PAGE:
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Japanese Spacecraft Records Full Earth Rising Over the Moon

The Earth as seen from the MoonThe Earth as seen from the Moon
Japan's Kaguya spacecraft has relayed the very first Full Earthrise movie in high definition (HD) video, giving humans a uniquely beautiful view of our small blue planet just in time for Earth Day.

Japan's Kaguya lunar orbiter showing fields of wide- and narrow-angle camerasJapan's Kaguya lunar orbiter showing fields of wide- and narrow-angle cameras
Kaguya orbits the moon at an altitude of just 60 miles (100 km), allowing its HD television cameras to record the finest video footage ever taken in space. Although film and photos of the colorful earth rising above the desolate lunar surface have been taken before, most famously by Apollo 8 and 11 astronauts in 1968 and 1969 respectively, never before has a rising Full Earth been caught on video - truly the ultimate in "satellite TV"!

Waning Earth, photographed earlier by KaguyaWaning Earth, photographed earlier by Kaguya

 

The following video sequence shows not only the spectacular full Earthrise, but also an Earthset:



Kaguya, named for a mythical moon princess from Japanese mythology, was launched (click here for launch info & video) late last year on a Mitsubishi H-IIA rocket from the JAXA (Japan Aerospace Exploration Agency) space center on Japan's southern Tanegashima Island. The orbiter, whose stated mission is to "gather data on the chemical composition and mineral distribution of the moon, its surface features and gravity field", has performed flawlessly to date.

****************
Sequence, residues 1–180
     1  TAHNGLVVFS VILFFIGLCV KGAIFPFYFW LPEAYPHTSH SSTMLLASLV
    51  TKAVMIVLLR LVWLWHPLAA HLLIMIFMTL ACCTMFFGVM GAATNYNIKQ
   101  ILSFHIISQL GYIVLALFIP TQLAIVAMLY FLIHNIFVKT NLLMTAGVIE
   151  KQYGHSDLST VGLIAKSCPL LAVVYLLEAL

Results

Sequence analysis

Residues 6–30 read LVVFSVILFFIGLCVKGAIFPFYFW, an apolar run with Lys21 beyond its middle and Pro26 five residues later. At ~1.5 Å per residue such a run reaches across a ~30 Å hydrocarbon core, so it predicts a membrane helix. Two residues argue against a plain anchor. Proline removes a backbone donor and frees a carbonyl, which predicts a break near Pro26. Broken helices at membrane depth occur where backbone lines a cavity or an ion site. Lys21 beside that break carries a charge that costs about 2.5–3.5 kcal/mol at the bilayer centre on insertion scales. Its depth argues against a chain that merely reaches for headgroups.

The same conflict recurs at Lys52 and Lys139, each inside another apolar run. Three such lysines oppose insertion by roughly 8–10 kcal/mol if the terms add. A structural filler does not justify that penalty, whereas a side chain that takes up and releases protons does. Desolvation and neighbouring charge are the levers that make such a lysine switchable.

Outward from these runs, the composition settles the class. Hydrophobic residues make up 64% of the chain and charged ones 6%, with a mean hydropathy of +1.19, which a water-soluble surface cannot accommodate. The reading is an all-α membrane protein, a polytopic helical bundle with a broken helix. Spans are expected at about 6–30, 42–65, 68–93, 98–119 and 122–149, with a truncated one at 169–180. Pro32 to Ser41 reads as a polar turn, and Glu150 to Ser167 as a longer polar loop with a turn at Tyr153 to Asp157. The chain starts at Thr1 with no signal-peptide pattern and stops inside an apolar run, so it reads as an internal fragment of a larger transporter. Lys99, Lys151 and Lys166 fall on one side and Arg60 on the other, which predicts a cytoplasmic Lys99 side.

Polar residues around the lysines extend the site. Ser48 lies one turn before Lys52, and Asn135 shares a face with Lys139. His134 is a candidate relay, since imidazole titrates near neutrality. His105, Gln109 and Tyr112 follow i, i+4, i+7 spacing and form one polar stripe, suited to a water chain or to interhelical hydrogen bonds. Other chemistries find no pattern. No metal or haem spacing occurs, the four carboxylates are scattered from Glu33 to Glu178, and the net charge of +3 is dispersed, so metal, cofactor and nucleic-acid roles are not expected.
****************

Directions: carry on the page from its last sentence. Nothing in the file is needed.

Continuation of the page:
The exquisite view of our planet provided by Kaguya is a poignant reminder that the Earth is just one small, fragile oasis in the vast emptiness of space... well worth taking care of! (via informitv, video c/o JAXA)

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Steve Levenstein
J A P A N O R A M A
InventorSpot.com

Comments
Apr 22, 2008
by Toby
Toby's picture

Wow

I wish earth looked that good from here.

Apr 22, 2008
by Anonymous

OMG where are the stars!!!

OMG where are the stars!!! Ha.

Apr 22, 2008
by Anonymous

Whatcha know, the Earth's a

Whatcha know, the Earth's a Big Blue Marble, when you view it from out there... ;-)

Apr 23, 2008
by Anonymous

Amazing!

It is simply amazing what you can do with iMovie and some spare time.

Feb 10, 2009
by Anonymous

stars

you can not see the stars because of the contrast level. The same thing happens in earth orbit as well, watch videos from the ISS. No stars